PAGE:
Hesiod is basing his "logic" on the fact that the article by Miller and the article by Barnett, are attempts to keep the libertarian wing within the Republican party. The problem is that as we can see from the data, the libertarian wing has by and large left in sufficient numbers to actually hurt the Republicans in several key elections. The Slade Gorton defeat in Washington was very bad in hindsight. Without Gorton it gave the Democrats the opening to entice Jim Jeffords to switch sides giving the Democrats a 1 vote majority in the Senate. This made is very easy for the Democrats to slowdown Republican legislation. Simlarly with the John Ensign defeat. If he had won he wouldn't have been up for re-election in 2000 so that would have given the Republicans a 2 seat lead and made it virtually impossible for the Democrats to pull of the switch they did shortly after the 2000 elections.
So we can see that once again Hesiod demonstrated beyond any doubt that he is the biggest idiot in the blogosphere. Steve
Krugman Watch Hey, you get two today for the price of one! Krugman goes off on the nepotism/cronyism that is present in the Bush Administration. Yeah, it does look ugly, but hey lets compare it to Clinton:
Bill Clinton's wife Hillary is in the Senate
Bill Clinton's half-brother Roger got a presidential pardon
Webster Hubbell had to leave his post as deputy attorney general in order to serve a little jail time, but his wife held on to her job at Interior.
Clinton trade representative Barshefsky's husband, Ed Cohen, got a job at the Solicitor's Office
Clinton Interior Secretary Bruce Babbitt's Chief of Staff was Ann Shields, wife of former Democratic campaign strategist Mark Shields who was also a CNN and PBS political commentator and Washington Post columnist
According to the National Wilderness Institute, Rep. Congressman Gerry Studd's companion was given a job at the Minerals Management Service while Studds was Chairman of the Committee that had jurisdiction over Interior.
Lets also not forget that Bill Clinton put his wife in charge of the Health Care Task Force during his first term.
Vince Foster (no, I am not implying anything about his tragic suicide)
Frankly I don’t see much of a difference. This is typical of what happens in politics, you appoint your friends and associates to positions inside your administration. So Bush is doing it? Big deal..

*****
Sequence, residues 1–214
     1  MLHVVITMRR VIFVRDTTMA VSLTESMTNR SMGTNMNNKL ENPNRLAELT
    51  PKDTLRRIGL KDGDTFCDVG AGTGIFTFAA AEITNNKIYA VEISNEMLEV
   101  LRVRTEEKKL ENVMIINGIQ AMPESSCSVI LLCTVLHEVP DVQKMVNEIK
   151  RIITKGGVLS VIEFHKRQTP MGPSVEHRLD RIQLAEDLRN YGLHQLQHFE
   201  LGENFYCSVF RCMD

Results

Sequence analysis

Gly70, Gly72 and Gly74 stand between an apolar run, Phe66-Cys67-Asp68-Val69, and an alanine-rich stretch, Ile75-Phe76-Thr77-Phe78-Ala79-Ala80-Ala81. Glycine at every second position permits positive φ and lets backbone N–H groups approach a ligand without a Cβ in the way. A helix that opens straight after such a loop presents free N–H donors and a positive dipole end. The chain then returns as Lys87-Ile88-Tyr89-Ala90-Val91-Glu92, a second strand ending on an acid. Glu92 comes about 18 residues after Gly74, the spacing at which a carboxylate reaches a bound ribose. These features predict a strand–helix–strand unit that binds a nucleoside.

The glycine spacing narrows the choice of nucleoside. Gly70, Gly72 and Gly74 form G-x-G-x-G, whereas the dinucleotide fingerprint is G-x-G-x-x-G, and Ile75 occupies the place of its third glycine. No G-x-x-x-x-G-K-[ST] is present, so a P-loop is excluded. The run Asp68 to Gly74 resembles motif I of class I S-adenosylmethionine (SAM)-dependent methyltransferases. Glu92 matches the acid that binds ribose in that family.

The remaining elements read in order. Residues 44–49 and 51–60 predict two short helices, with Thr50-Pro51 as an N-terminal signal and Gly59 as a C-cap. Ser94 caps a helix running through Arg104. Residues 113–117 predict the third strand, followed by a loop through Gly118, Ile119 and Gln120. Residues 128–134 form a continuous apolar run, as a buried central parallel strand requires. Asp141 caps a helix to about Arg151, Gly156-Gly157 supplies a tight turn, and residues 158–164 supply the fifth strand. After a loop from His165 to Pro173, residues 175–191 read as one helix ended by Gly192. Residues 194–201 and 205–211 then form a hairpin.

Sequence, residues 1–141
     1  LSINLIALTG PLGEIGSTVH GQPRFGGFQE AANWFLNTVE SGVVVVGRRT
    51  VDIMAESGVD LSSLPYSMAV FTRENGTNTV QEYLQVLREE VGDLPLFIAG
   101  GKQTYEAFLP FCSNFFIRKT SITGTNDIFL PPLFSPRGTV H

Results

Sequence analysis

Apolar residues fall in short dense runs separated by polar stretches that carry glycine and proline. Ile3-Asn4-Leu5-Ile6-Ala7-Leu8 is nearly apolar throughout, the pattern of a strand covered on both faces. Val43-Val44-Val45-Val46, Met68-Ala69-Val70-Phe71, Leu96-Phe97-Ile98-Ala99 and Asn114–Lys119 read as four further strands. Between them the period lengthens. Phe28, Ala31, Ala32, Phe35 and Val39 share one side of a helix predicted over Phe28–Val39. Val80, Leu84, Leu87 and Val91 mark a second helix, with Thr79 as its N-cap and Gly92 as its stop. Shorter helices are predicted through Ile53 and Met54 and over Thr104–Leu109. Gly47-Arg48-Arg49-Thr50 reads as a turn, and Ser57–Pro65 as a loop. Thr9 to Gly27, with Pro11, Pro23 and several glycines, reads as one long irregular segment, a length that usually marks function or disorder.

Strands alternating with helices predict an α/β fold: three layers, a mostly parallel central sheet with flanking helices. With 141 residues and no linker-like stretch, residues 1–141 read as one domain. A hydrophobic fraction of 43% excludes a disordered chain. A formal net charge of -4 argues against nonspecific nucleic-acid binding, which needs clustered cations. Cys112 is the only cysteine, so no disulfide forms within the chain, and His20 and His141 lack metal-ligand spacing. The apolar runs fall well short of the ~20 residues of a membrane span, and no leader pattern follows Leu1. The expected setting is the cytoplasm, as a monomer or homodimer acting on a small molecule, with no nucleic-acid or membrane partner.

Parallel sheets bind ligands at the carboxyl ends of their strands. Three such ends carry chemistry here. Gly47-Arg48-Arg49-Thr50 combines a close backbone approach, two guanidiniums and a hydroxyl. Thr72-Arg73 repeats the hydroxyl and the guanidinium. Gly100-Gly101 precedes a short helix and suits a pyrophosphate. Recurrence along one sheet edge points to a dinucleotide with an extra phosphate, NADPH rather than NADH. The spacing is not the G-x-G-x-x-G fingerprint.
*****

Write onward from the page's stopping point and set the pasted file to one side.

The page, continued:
Here is what really gets Krugman’s goat
It wasn't always thus. The influential dynasties of the 20th century, like the Kennedys, the Rockefellers and, yes, the Sulzbergers, faced a public suspicious of inherited position; they overcame that suspicion by demonstrating a strong sense of noblesse oblige, justifying their existence by standing for high principles. Indeed, the Kennedy legend has a whiff of Bonnie Prince Charlie about it; the rightful heirs were also perceived as defenders of the downtrodden against the powerful.
But today's heirs feel no need to demonstrate concern for those less fortunate. On the contrary, they are often avid defenders of the powerful against the downtrodden. Mr. Scalia's principal personal claim to fame is his crusade against regulations that protect workers from ergonomic hazards, while Ms. Rehnquist has attracted controversy because of her efforts to weaken the punishment of health-care companies found to have committed fraud.
That there isn’t this condescending attitude amongst these…these Republicans to help us peasants. That they should do something to help the peasants (that’s you and me by the way) because we can’t do it ourselves. Without the help of the likes of the Kennedys and Rockefellers we’d be nowhere. You’d be a failure. The rich (never to be damned enough) would have ground us all into the dirt.
Krugman Watch Krugman suddenly becomes an environmentalist in his latest column. I might find some agreement with him if it weren’t for the fact that he is just a stupid hack when it comes to writing his political diatribes. For example, how come he is not on his high horse about Grey Davis getting the emissions rules for generators relaxed to try and help alleviate the power crisis in California? Namely
Power plants will be separated from the rest of the RECLAIM market until at least 2004;
Power plants will be put under enforceable plans that require them to install pollution control equipment over the next two to three years;
Power plants will pay into a mitigation fund for any excess emissions at the rate of $7.50 per pound of pollution; and
AQMD will use this money to reduce pollution by cleaning up equipment at the ports and other areas – like tug boats, yard hostlers used to move containers in shipping yards, trash trucks, and agricultural water pumps. This will provide permanent reductions in emissions of both smog-forming pollution and cancer-causing diesel soot.